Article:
Liuyang: Where the world's fireworks are born
It’s 9 a.m. as my bus pulls into the station and I am greeted by what sounds like a bedsheet being ripped apart a millimeter from my ear.
Startled, I jerk upright to see a group of Hunan locals setting off a giant roll of firecrackers right by the coach for no obvious reason. Or maybe it’s just because they can.
I’ve just arrived in Liuyang, Hunan Province, the world’s capital of fireworks.
This Chinese city is the single biggest producer of fireworks on the planet, providing around 60 percent of China’s annual US$600 million of pyrotechnic exports.
Liuyang lights up birthdays, weddings and independence-day celebrations in more than 100 countries across the globe. Odds are those bottle rockets stashed in your closet were made here.
With more than a thousand factories, shops that cater to every tangential need of the industry and little kids running around throwing firecrackers like super balls, it’s hard to contain my excitement.
I have come to meet pyrotechnics-agent-to-the-stars Terry Winkle of Liuyang Flying Dragon Fireworks.
Winkle’s firm manufactures and supplies fireworks for some of the world’s best-known brands and if he can’t make it for you, he knows someone who can.
As we head to one of his factories we pass several impromptu pre-lunch displays along the side of the river. It seems that in Liuyang anytime is a good time to light a few off.
The candy man can
The factory is the pyrotechnic equivalent of Willy Wonka’s. Building after building is full of workers doing everything from making casings and packing clay plugs, to mixing chemicals and loading shells.
I begin to feel overwhelmed as my repressed boyhood fascination with fireworks is rekindled.
We start in the tube-rolling room, where the cardboard tubes that are staple components in the majority of consumer fireworks are made. All I can think is whether or not I’ll get to see where they mix the powder.
Winkle does not disappoint. We pass a giant “No Smoking” sign as we head into the restricted area.
He shows me the drying room, where rack upon rack of pyrotechnic effects called “stars” that look like balls of dark chocolate are gently heated to drive away solvents used in the mixing process.
“This is what a drying room smells like,” says Winkle as I inhale the heady odor of charcoal, acetone and sulfur.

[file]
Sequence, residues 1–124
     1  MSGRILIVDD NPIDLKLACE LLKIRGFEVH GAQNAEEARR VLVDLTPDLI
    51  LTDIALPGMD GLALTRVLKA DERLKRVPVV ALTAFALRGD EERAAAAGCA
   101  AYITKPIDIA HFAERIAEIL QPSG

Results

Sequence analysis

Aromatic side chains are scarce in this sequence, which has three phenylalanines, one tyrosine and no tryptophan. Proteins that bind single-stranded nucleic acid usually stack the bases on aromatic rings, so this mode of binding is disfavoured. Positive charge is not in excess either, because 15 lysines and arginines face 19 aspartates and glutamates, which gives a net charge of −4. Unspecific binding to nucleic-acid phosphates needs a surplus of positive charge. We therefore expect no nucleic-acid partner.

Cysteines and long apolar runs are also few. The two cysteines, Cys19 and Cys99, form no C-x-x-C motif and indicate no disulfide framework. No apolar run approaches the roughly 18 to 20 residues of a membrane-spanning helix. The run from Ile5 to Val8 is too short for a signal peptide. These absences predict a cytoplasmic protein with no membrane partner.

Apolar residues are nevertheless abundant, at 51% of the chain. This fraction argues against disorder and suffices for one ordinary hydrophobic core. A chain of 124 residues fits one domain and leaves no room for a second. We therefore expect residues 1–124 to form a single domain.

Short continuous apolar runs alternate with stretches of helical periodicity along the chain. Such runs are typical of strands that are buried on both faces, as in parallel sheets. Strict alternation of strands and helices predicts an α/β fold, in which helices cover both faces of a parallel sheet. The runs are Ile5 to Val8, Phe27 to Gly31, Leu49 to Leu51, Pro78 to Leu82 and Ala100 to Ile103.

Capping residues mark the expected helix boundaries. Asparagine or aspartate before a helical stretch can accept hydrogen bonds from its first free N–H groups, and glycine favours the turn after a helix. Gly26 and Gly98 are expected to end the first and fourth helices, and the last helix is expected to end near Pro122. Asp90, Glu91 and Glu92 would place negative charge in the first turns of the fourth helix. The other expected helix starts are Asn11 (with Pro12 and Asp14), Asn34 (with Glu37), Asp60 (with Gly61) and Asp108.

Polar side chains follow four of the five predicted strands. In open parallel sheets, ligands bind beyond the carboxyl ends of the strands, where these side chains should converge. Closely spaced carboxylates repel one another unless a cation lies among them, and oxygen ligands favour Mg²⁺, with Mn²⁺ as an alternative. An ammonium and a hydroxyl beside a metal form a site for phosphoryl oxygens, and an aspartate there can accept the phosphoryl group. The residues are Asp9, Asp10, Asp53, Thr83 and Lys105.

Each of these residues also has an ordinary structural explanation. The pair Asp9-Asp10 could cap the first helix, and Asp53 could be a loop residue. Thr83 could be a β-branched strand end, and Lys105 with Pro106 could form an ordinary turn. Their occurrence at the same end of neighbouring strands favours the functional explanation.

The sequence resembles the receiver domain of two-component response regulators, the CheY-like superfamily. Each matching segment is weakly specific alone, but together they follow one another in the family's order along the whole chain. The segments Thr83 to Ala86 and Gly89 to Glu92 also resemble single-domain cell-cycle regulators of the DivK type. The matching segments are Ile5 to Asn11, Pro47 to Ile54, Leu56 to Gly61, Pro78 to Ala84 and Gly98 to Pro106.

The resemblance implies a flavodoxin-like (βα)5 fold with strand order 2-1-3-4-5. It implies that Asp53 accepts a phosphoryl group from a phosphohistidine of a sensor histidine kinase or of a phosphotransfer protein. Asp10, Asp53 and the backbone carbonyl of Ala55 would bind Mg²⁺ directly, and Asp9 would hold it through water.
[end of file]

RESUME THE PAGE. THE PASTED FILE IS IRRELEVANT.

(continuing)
I try not to imagine what might happen if an errant spark were to enter the picture.
The factory is expansive, complete with work areas, a dining hall and a huge pond that supplies water to the plant and fresh fish to hungry employees.
We pass a giant tumbler being used to coat rice hulls with black powder, a traditional Chinese bursting charge for shells, before we head to an assembly room where tubes are fused and loaded.
Most of what Winkle makes are known as “cakes,” bundles of small mortar tubes that each fire off an effect or two.
When the cake is lit they go off sequentially, creating a professional-looking display from a small box.
They are called “cakes” because the finished product, complete with colorful wrapping paper looks like, well, a birthday cake.
Finished cakes retail in the United States for about US$10-100, depending on the size and type.
Everybody’s doing it
I visit several other factories, including one making larger display shells for professional use.
These can be anywhere from about five centimeters to a meter or more in diameter and are fired out of reloadable fiberglass launch tubes placed on the ground -- the biggest shells can cost more than US$10,000 each.
Because Liuyang has so many factories they tend to specialize in different things. Some just make black powder (a key ingredient) or fuses, while others make consumer items like bottle rockets and firecrackers.
Most work is still done by hand, predominately by women, at wages of RMB 500 to RMB 1,800 (US$80-285) a month depending on skill level, however amounts are steadily increasing.
While these factories are nestled in the hills and safely separated from town, the city center is full of smaller operations that produce the machinery, tools and non-flammable components needed in the trade.
As Liu Zhourong, president of Changsha MeiTai Fireworks explains to me, about 60 percent of the region’s population is involved in the fireworks industry.
While I look out the window at his Mercedes-Benz, I realize that there really must be gold in pyrotechnics.
“Fireworks are the easiest way to get rich in Liuyang,” boasts the general manager, surnamed Xu, at nearby Sunrise Fireworks.
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A domestic joy
Business is certainly booming in Liuyang and while exports play a big part, it’s China’s growing domestic market that many factories are focusing on.
Chen Weilin, general manager at the Taipingqiao fireworks factory explains to me that 80 percent of their output is sold in China.
“Foreigners don’t use fireworks as much and the export process is complicated,” she notes.
“There have been a lot of good factories that have gone domestic-only because of all the rules and regulations that other countries are putting on,” comments Winkle.
Because China’s regulations are more permissive than many Western countries, consumer fireworks aren’t just cheaper, they’re more potent.
Here it’s possible to find firecrackers several times more powerful than the legendary M-80 or Cherry Bomb you may have dreamed of back in the day.
Bigger selection, rising disposable incomes and legalization in major cities like Beijing, mean a lot of growth potential going forward.
Then there’s China’s Spring Festival or lunar New Year celebration -- an orgy of pyrotechnic delights. “Around 40 percent of our revenue comes from Spring Festival,” notes Chen.
Long march to number one
The Chinese credit Liuyang as the historical birthplace of fireworks.